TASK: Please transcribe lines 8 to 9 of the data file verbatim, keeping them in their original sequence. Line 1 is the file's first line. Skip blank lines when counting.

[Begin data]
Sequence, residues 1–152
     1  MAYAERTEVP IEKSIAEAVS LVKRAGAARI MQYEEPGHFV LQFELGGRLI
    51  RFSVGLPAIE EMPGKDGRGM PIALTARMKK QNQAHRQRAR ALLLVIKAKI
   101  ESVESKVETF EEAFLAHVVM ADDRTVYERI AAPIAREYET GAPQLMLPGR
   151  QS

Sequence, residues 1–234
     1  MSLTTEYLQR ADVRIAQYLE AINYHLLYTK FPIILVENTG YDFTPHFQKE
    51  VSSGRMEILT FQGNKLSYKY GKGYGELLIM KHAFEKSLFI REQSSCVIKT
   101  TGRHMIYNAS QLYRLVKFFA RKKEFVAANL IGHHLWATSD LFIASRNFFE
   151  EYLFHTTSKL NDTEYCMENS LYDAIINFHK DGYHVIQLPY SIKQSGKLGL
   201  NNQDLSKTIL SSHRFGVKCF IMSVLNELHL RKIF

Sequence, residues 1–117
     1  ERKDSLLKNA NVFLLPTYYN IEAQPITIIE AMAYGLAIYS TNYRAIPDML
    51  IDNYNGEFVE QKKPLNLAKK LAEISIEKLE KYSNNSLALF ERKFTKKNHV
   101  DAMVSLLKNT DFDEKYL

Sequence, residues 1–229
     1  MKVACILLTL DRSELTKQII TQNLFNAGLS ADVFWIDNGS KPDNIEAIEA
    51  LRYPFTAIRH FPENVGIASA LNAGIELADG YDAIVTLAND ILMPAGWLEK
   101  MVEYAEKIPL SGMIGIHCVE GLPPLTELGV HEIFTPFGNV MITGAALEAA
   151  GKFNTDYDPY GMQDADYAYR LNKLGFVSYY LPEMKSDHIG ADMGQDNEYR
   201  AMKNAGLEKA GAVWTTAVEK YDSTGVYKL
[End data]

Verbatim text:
    51  VSSGRMEILT FQGNKLSYKY GKGYGELLIM KHAFEKSLFI REQSSCVIKT
   101  TGRHMIYNAS QLYRLVKFFA RKKEFVAANL IGHHLWATSD LFIASRNFFE